What kind of "situation" is this. I guess I've never had one where the power of the WR250 wouldn't be sufficient. If you tend to get into these "situations" often perhaps the bike and it's power output isn't what you should be troubleshooting.


Come ride on the I-440 belt line around Raleigh NC and see what you think when some idiot in a cage is 4 feet off
your rear fender at 80 mph and your only option is to accelerate up to a higher speed or pray you do not need to slow
down quickly, because all the other lanes are packed with vehicles so it is literally impossible to pull into another lane.
If you have a bike with more power you can more quickly put distance between yourself and such cagers. You might say
I could avoid the cager by not riding in the fast lane but you would be incorrect because all the lanes are full
of drivers who will tailgate you. If you need to ride on such roads, and I occasionally do, it is nice to have more power
than you would typically otherwise "need" on a dual sport bike.

My preference is to own a bike with more power than the Yamaha . You seem like an educated fellow, and surely
you can understand that a preference is not an absolute but rather a subjective thing, and as such there is no "right"
answer, but only an answer which is right for the person who has stated the preference.

The drivers in the Raleigh area are not like the drivers in Stumptown. People in Portland tend to drive in a much more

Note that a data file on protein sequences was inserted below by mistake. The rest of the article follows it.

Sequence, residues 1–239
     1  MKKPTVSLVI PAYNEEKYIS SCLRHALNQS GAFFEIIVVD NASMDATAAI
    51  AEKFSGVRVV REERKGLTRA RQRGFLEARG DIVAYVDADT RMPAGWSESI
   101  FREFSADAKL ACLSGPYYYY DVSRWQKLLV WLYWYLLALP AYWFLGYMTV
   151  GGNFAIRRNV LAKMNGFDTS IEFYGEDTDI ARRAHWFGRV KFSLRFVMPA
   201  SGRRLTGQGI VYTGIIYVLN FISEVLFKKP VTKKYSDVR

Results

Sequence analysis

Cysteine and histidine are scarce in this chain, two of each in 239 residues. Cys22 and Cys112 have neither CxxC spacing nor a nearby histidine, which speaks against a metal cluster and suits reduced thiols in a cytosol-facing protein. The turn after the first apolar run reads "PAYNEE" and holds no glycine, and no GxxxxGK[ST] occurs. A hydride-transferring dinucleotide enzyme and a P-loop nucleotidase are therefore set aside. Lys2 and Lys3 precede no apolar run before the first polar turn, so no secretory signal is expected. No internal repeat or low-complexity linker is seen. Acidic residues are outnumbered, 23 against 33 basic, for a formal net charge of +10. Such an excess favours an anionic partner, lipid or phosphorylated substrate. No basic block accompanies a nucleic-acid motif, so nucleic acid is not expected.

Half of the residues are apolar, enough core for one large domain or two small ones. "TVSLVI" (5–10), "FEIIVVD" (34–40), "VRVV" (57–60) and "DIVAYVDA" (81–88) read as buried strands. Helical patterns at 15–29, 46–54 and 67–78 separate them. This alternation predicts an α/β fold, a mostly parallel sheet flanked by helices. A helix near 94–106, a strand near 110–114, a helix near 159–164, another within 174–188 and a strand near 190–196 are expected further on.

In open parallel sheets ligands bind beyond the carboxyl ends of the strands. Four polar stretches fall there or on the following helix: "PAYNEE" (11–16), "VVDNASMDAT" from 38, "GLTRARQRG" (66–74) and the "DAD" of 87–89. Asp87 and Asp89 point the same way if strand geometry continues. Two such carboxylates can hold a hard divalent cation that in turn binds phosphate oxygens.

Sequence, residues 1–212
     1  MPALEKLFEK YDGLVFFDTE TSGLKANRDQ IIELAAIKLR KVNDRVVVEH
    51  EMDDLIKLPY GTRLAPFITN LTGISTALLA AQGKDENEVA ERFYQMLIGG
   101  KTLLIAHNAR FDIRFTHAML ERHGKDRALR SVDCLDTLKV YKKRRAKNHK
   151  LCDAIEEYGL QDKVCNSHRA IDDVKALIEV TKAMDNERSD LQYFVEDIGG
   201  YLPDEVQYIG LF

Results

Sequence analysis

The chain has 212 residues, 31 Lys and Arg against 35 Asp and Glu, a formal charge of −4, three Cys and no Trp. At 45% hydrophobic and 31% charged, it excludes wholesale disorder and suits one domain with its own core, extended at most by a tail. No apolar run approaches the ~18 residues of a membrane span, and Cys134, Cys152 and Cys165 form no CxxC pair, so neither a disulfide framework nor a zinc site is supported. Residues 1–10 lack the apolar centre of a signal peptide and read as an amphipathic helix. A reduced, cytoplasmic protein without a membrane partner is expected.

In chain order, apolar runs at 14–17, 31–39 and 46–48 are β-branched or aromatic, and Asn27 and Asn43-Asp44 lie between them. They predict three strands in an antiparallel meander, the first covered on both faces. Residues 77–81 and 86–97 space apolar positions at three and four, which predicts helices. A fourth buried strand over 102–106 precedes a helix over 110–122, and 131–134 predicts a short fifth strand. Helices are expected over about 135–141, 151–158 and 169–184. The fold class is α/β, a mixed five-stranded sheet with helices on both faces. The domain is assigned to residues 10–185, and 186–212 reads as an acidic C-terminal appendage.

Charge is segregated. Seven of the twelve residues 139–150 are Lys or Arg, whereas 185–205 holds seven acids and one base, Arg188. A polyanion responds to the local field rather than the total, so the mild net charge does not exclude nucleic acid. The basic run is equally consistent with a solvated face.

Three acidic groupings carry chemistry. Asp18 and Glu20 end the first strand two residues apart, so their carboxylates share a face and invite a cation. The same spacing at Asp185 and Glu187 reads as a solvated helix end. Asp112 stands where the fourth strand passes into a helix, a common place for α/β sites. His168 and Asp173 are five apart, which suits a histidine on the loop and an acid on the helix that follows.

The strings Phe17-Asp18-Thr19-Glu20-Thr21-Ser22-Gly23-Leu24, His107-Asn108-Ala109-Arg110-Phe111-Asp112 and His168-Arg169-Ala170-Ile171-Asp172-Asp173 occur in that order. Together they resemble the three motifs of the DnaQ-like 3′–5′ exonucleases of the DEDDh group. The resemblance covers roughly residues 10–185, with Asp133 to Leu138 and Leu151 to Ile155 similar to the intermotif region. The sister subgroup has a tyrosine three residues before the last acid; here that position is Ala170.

civilized fashion than people in North Carolina do. You might be shocked at how people in North Carolina drive,
it is very different from what you can expect in other parts of the US. Driving around Portland is much less frightening
than it is in certain parts of North Carolina where I now live. I lived in Portland for ten years so I know whereof I speak.
FYI I had an apartment near OHSU and I drove around the city quite a bit. I miss the higher level of civility one experiences
in the Portland area quite a lot.



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Old 09-14-2012, 10:41 AM   #15
crazybrit
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Ok, I hear what you're saying for your location but the OP lives in the "north coast of cali where we have a plethera of dirt connected by pavement". Seems like a very different driving environment than Raliegh or even Portland. Of course he would need the power to outrun the cartel employees manning the Humbolt County marijuana plantations

When I reply here I try to answer the question the OP posted based on the specific criteria they list. My own personal situation is usually going to be different than the OPs .... if in this case I answered based on my own personal situation I'd have just said "get the KTM"